Will U.S. Tech Jobs Turn All-Indian? The H1B Visa Dilemma

By Stephan Manning.

Skilled immigration is one of the most controversial topics in the current presidential election race as political scientist Ron Hira points out in his latest Conversation article. At the core of this debate are H1B visas which allow U.S. employers to sponsor the temporary recruitment of skilled workers from abroad, particularly in so-called STEM* professions. Currently, U.S. law permits 85,000 H1B visas to be issued every year. In theory, this visa program allows for labor market flexibility in response to domestic skill shortages. In practice, H1B visas have increasingly been used to employ skilled foreign workers for lower costs, primarily from India. While H1B visas have certainly helped create tech positions at home rather than offshore, Thousands of U.S. employees have been replaced in the process and forced to train those taking their jobs. Facing this dilemma, presidential candidates across the political spectrum have struggled to find convincing solutions. I discuss what’s behind the dilemma; why the solutions of presidential candidates fall short in addressing it; and what is needed to make the H1B debate more fruitful in today’s global competitive environment.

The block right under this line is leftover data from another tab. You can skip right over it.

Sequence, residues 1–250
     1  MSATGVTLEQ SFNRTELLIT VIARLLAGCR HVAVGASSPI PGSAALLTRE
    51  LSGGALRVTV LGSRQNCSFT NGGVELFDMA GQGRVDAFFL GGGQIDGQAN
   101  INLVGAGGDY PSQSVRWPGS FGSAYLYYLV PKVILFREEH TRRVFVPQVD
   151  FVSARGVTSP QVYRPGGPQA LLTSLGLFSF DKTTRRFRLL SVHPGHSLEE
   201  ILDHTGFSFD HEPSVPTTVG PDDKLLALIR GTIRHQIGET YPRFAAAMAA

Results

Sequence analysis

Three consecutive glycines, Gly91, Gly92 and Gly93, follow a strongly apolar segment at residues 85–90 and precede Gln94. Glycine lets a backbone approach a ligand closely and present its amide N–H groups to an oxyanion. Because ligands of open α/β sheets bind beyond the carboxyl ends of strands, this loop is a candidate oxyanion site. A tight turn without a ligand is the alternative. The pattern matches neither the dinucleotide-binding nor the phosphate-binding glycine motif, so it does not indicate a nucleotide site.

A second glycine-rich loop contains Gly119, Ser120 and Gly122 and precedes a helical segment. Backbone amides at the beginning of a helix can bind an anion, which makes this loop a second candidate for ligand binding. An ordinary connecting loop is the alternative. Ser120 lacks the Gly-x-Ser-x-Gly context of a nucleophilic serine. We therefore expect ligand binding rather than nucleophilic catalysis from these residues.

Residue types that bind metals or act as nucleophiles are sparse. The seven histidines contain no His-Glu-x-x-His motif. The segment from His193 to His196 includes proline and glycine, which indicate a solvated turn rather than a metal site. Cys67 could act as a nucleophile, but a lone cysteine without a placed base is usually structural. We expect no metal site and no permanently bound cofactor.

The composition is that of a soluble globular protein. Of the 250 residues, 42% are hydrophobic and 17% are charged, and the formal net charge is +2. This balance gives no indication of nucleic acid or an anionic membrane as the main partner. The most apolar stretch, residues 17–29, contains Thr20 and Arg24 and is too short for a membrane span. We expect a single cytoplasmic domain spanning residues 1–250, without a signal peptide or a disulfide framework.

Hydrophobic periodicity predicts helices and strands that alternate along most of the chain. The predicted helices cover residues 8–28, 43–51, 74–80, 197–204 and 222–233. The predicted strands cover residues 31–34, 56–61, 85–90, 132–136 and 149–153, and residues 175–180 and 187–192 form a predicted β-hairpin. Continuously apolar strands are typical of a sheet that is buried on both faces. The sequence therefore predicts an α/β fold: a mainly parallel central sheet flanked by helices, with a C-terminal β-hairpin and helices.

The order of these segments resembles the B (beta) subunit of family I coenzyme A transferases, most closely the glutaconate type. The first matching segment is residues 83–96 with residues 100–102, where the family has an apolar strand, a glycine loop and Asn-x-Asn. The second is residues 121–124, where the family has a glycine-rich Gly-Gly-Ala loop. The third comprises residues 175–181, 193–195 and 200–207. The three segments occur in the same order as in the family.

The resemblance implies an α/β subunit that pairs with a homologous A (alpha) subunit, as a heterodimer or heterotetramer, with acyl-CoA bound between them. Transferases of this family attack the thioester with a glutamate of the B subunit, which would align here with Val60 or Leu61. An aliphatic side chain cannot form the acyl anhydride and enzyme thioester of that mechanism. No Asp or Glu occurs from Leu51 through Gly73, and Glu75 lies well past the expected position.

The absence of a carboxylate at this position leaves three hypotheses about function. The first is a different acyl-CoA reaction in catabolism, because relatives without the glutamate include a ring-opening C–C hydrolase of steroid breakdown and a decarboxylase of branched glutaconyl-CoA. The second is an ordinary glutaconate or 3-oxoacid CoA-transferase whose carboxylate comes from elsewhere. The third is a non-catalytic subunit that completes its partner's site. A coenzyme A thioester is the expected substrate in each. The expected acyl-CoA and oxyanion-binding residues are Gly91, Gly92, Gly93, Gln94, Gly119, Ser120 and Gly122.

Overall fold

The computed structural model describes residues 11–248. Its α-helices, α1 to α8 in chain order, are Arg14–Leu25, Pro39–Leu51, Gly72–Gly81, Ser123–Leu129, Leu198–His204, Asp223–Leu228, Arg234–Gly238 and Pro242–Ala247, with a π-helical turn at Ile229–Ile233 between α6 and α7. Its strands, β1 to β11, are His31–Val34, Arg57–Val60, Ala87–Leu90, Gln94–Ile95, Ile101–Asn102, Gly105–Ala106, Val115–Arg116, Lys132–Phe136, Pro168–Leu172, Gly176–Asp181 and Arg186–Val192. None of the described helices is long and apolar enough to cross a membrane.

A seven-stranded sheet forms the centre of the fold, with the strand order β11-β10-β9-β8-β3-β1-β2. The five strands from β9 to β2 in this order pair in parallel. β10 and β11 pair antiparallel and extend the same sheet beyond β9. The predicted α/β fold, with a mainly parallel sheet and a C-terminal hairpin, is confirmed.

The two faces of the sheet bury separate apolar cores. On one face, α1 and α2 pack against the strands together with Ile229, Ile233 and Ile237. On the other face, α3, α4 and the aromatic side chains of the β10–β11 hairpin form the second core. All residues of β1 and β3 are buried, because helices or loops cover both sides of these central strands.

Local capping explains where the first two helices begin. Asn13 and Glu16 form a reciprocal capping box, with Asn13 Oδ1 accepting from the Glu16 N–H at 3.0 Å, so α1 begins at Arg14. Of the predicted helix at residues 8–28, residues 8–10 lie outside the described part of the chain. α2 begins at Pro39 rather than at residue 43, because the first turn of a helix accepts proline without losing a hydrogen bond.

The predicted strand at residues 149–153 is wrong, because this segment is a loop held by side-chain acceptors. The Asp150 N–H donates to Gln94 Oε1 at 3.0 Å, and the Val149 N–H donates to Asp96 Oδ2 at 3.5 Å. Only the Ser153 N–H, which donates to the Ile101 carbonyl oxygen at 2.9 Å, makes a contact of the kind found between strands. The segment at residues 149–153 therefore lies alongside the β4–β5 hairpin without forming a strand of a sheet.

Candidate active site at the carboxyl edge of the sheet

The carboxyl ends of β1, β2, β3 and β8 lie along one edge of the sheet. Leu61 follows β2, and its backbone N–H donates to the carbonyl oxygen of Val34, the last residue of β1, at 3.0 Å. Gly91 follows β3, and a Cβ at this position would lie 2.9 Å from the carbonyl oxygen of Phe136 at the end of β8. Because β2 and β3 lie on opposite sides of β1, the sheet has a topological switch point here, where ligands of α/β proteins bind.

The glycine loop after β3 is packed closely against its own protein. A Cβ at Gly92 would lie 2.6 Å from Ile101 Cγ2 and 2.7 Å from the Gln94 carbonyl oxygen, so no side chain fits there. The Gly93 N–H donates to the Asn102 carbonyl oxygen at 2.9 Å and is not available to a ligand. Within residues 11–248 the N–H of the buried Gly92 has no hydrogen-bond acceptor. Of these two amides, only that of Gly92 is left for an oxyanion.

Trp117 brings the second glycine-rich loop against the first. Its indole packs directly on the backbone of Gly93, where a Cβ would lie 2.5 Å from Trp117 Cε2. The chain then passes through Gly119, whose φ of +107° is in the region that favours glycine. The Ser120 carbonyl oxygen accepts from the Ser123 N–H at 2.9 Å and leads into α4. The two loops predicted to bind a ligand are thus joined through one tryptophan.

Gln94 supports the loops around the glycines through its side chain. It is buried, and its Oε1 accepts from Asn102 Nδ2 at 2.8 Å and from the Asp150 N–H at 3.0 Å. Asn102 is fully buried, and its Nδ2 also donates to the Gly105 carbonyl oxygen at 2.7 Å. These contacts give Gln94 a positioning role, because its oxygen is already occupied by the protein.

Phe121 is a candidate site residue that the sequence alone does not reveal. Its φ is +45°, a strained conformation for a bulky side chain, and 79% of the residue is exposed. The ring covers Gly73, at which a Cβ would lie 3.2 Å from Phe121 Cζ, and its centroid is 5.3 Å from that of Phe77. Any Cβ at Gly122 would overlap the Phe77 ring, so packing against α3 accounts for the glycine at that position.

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After the Decline of Large U.S. Corporations: Where Do the New Giants Come from?

By Stephan Manning.

The latest Forbes 2000 Rankings leave no doubt: Large corporations continue to exist (and they grow even larger), but fewer than ever originate in the U.S. Among the Top 10 listed firms (in terms of sales, profits, assets, and market value) four are Chinese – including the first and second ranked Industrial and Commercial Bank of China (ICBC) and China Construction Bank. So is it really true that large corporations are collapsing, as Gerald Davis and Israel Drori suggest in their provocative article? Or are we simply witnessing the declining relevance of U.S.-based firms? Should we, in turn, just focus on the continuous power of Western multinationals in global production networks, as David Levy suggests in his related post, or is there another important dynamic: the gradual but certain shift of gravity from U.S., European and Japanese firms to new giants from BRIC countries – China, India, Russia and Brazil – and other emerging economies? Continue reading